I think until there’s adequate diagnostic testing, serology demonstrating immunity, herd immunity, and a reliable, readily available vaccination, there will still be hesitation amongst patients and otolaryngologists alike when diagnosing and treating conditions where viral load transmission and potential for a realization of particles exists. —Gavin Setzen, MD
Explore This IssueJune 2020
Beyond government assistance, Will Harrill, MD, also of Carolina Ear Nose & Throat Sinus & Allergy Center, said his practice has been able to keep up with the ever-changing landscape of the pandemic with support from organizations including the AAO-HNS, the North Carolina Society of Otolaryngology and Head and Neck Surgery, and the practice’s own malpractice carrier. The initial speed of the pandemic’s impact on otolaryngology as a specialty, he said, was so rapid that grassroots communication, including teleconferences and email chains both statewide and across the U.S., were very helpful in terms of filling best practice voids that would ordinarily have a formal review process before being disseminated.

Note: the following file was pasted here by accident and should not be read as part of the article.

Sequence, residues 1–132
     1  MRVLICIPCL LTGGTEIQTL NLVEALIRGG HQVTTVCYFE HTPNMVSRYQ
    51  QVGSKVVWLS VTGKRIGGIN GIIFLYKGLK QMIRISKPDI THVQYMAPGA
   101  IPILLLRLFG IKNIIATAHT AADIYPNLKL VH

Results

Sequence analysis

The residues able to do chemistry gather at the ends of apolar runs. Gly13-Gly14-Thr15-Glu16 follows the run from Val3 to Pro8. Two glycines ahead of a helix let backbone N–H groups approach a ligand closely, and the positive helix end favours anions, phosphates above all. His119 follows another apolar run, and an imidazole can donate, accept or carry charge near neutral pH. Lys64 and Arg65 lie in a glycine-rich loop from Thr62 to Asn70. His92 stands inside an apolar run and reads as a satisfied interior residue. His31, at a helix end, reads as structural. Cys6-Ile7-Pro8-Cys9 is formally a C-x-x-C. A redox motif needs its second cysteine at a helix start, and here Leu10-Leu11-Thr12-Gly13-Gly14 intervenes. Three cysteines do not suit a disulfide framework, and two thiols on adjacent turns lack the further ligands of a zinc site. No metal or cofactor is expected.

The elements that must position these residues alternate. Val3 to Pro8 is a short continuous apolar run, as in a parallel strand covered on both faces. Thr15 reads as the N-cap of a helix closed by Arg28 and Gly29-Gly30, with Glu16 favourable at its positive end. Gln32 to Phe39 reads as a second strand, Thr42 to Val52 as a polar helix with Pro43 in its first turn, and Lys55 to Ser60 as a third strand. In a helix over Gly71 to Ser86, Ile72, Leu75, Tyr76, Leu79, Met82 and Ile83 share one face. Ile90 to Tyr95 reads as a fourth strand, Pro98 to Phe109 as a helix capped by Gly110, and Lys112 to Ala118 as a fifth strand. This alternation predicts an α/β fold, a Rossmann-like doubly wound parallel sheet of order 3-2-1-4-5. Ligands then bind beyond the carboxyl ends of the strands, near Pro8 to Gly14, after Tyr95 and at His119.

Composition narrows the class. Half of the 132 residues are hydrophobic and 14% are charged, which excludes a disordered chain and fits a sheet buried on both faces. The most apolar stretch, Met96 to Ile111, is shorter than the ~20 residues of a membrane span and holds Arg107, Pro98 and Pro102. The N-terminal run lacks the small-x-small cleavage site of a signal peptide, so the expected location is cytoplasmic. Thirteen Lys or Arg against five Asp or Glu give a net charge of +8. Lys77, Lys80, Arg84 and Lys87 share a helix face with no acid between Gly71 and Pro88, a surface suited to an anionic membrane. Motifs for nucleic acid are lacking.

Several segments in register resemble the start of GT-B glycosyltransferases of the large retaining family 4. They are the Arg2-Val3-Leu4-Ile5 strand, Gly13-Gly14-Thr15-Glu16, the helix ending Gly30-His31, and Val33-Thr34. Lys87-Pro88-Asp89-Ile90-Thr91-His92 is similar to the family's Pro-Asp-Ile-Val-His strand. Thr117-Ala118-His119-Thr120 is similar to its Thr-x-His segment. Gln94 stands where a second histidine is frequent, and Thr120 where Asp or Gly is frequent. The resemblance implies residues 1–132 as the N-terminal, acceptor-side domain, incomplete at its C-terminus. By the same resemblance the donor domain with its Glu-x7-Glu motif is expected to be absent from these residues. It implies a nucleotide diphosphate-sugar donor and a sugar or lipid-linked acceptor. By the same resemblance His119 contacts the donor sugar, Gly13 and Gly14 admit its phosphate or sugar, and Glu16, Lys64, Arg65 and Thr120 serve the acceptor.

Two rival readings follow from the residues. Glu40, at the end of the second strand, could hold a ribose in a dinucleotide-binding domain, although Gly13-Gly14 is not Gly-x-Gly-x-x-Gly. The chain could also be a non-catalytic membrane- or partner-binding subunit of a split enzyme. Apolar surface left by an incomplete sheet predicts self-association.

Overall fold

He added that financial hardship may be most pronounced in the private practice world, given the equity ownership risk and responsibility that add an extra layer of anxiety onto the desire for answers to questions that have never been asked before.
“Many of us remember being in Denver at the annual AAO-HNS meeting on 9/11 and scrambling into cars with colleagues we had never met or not seen for years as we all carpooled home over the following 24 hours,” he said. “COVID-19 has been sort of the same, with many of us taking a virtual journey together through this.”
Renée Bacher is a freelance medical writer based in Louisiana.